Trade Shows After the Pandemic
Trade shows and scientific meetings are a place to showcase current products, introduce new ones, and efficiently meet large volumes of customers. It is a place where companies often invest a significant portion of their marketing budget. But for years customers have been increasingly turning to digital sources for product information and exhibiting has become a less effective method of lead generation. In addition, attendance at trade shows will certainly drop for a while as a result of the pandemic, and may never come back at the same scale. So how do you replace the trade show? How do you redeploy marketing budget money to get the best ROI.
As you weigh your options don’t start with what you want to accomplish at the trade show – start with what your customers want to accomplish. That is generally four things – education, networking and building community, updates on new products, and have a little fun doing it.
Providing education is one of the easiest things to do remotely, particularly by offering webinars – either live or pre-recorded. Filling in for the trade show means this education needs to be on important topics of general interest, not just on your product. If you sell a diagnostic or therapy to detect or treat a specific medical condition, then make the education about new approaches or decision-making pathways for treating that patient population. Find an expert in the field to give the workshop they would have given at a cancelled or scaled down trade show. Bonus points if you can offer continuing education credits for necessary for licensure, etc. Put a product call to action in the program, but keep it subtle.
Advertising live webinar events builds brand awareness even to those who do not attend live, and taping the webinars creates a nice piece of content going forward. Other opportunities to provide education include white papers, and curated collections of published articles, case studies, blog posts, and how-to videos and e-books. Pick a few options and do them well, diverting trade show budget to pay for superb production and experts in the field. Share and advertise on-line, in social media by email or even snail mail. If you are offering something of genuine value customers will not perceive it as Spam.
Trade shows provide three types of community building for attendees. One is the opportunity to rub elbows with superstars and thought leaders or build their own reputation as an expert. Two is to catch up with old friends and associates. Three is to be immersed in a group of people who have the same interests, worries and day to day experiences. Stay plugged in to the social media communities your customers use whether on Twitter, LinkedIn, Facebook, etc. Remember these are communities of individuals, so if you actively post have it be a designated individual, preferably someone with primarily educational or technical responsibilities. Avoid posts that are not-so-subtle ads for your product. Don't be the guest at the dinner party who tries to sell everyone life insurance.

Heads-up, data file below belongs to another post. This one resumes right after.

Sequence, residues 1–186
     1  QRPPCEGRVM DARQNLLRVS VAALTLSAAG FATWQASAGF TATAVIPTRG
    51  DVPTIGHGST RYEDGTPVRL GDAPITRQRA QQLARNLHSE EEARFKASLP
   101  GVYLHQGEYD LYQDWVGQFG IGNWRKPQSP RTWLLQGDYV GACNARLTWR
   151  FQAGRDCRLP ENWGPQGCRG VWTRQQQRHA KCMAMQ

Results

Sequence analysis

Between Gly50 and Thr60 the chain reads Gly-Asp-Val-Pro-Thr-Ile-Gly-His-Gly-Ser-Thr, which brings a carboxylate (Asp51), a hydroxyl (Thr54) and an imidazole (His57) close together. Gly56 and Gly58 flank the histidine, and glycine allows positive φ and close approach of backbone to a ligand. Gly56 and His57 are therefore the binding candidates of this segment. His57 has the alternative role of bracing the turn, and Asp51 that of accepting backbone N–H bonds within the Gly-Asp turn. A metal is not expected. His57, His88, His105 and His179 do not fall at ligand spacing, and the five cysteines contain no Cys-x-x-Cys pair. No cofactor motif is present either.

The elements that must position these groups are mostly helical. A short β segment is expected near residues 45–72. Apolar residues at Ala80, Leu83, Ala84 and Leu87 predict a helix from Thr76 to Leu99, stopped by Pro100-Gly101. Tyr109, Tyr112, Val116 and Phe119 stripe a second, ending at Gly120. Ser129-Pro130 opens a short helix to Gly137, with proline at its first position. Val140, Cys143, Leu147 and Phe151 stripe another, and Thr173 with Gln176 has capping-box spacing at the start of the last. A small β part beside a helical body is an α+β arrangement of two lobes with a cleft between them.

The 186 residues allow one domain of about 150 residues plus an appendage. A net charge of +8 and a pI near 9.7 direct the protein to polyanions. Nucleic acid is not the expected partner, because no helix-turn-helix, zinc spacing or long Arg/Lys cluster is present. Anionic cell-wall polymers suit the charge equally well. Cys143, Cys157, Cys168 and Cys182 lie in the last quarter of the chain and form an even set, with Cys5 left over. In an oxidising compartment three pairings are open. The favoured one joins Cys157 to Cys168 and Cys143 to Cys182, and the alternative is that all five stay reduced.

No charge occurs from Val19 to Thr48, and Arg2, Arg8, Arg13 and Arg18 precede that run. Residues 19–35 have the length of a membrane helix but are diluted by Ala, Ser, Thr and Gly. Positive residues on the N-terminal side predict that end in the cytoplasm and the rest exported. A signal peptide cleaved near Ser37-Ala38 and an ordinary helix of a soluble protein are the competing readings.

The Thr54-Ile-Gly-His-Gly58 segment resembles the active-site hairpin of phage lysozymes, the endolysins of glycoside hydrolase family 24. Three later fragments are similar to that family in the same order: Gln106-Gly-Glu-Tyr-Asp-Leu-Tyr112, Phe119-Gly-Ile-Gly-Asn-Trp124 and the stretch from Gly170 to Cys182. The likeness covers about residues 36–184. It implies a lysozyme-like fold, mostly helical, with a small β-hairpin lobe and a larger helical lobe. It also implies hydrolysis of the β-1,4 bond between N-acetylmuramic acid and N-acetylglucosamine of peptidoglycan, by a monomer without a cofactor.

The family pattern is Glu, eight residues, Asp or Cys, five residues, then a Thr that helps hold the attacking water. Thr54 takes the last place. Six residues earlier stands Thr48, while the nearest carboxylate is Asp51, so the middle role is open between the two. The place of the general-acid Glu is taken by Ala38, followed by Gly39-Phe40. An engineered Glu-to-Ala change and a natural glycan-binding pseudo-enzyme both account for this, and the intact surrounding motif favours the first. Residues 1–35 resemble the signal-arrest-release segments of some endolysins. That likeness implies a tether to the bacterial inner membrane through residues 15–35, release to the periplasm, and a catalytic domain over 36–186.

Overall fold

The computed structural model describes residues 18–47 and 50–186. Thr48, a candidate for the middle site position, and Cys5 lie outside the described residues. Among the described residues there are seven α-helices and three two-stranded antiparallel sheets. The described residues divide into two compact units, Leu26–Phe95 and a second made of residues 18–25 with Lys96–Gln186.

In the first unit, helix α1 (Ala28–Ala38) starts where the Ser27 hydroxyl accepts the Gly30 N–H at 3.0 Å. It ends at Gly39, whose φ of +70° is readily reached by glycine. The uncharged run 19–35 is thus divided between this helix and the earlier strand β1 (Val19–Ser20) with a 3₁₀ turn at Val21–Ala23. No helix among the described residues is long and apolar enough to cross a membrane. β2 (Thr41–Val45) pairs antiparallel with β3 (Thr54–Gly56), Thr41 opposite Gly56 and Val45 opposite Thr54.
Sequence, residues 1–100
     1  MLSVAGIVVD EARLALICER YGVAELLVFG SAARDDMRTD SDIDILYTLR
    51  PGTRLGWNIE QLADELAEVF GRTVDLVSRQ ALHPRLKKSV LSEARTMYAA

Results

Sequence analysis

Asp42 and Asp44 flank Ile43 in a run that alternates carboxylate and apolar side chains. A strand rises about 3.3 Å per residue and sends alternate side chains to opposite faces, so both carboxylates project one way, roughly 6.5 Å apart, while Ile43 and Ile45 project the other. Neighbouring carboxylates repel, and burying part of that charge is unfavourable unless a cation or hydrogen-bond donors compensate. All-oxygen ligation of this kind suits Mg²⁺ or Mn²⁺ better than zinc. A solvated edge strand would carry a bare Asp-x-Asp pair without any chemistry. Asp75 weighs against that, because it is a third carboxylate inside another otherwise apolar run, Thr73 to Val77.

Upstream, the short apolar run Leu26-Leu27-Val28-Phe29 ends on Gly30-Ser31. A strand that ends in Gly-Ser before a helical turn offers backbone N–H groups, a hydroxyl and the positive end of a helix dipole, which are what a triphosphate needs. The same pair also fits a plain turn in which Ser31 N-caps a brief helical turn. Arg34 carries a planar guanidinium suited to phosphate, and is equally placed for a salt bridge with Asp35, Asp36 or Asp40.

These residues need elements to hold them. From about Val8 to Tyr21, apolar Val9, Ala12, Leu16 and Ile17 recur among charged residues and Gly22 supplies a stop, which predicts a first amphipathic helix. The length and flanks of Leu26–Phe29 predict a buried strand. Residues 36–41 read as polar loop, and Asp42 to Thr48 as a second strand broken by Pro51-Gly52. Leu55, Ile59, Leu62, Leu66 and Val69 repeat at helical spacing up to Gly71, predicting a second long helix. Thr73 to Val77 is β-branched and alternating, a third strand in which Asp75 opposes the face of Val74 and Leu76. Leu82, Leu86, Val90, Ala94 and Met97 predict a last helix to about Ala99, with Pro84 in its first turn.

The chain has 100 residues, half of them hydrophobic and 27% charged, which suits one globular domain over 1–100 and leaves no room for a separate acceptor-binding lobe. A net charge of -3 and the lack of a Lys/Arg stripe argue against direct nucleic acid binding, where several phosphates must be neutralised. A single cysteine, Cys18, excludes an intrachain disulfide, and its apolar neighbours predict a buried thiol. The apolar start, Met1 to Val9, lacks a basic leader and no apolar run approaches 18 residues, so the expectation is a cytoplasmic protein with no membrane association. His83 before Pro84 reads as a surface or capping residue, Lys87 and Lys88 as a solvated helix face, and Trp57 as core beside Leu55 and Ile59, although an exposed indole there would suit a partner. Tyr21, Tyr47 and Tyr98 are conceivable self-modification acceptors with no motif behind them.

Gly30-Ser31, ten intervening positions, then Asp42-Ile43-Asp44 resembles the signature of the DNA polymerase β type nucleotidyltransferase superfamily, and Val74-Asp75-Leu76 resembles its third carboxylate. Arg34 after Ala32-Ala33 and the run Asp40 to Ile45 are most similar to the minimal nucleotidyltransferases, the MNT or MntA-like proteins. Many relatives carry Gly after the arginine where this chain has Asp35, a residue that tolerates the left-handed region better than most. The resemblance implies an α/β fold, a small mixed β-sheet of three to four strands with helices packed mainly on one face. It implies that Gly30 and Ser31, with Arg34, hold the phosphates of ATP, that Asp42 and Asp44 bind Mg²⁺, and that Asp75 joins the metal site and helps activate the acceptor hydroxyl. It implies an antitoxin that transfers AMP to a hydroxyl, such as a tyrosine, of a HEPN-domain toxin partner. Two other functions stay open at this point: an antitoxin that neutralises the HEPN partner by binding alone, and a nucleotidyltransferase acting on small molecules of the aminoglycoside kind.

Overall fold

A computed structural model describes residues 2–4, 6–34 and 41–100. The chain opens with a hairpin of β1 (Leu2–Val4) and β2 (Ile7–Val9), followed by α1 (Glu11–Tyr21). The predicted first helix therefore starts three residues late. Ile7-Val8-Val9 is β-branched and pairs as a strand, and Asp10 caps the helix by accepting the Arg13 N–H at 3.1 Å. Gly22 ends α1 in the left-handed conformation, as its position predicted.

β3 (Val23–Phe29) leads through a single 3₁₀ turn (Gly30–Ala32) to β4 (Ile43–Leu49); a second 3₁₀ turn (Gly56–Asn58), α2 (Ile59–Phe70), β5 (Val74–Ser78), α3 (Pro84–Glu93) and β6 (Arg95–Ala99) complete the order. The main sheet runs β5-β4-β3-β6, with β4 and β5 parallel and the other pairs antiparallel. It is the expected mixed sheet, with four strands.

A big part of trade shows are dinners, parties, competitions and other social events. Customers often do not expect or want companies to be the pivot point for informal social and networking gatherings. Even at live trade shows attracting attendees to exhibitor sponsored events can be a challenge. However, the post-coronavirus comfort level with videoconferencing might open up some new opportunities, particularly in the void of cancelled events. Maybe offer to host an on-line cocktail hour for a regional association meeting or training program alumni group that got cancelled. Sponsor the traditional fun run as a virtual event with runners sending in their scores from neighborhood runs and treadmills, or even change it up to an on-line step competition. Associations that sponsor trade shows will be looking for creative ways to keep their traditions alive and being part of the solution builds relationship with both customers and the association.
Product promotion can be done subtly in all the education pieces, and anything sponsored or supported drives brand and brand awareness. However, there is also opportunity to do traditional promotion through advertising and education. Make sure your website product pages are up to date and interesting, since this may be taking the place of your fancy exhibit booth for awhile. Run product campaigns that are a little more over the top. Think of all the silly and high production value stuff you do to drive traffic to your trade show booth and put that creativity and money into digital campaigns and even direct mail.
For many years trade shows have been losing their potency as a place to reach customers and introduce products. The coronavirus pandemic will certainly accelerate their decline. But every disruption of the status quo creates new opportunities. The winners will be those who can move fast and effectively to be first-movers with a new approach, and make it last.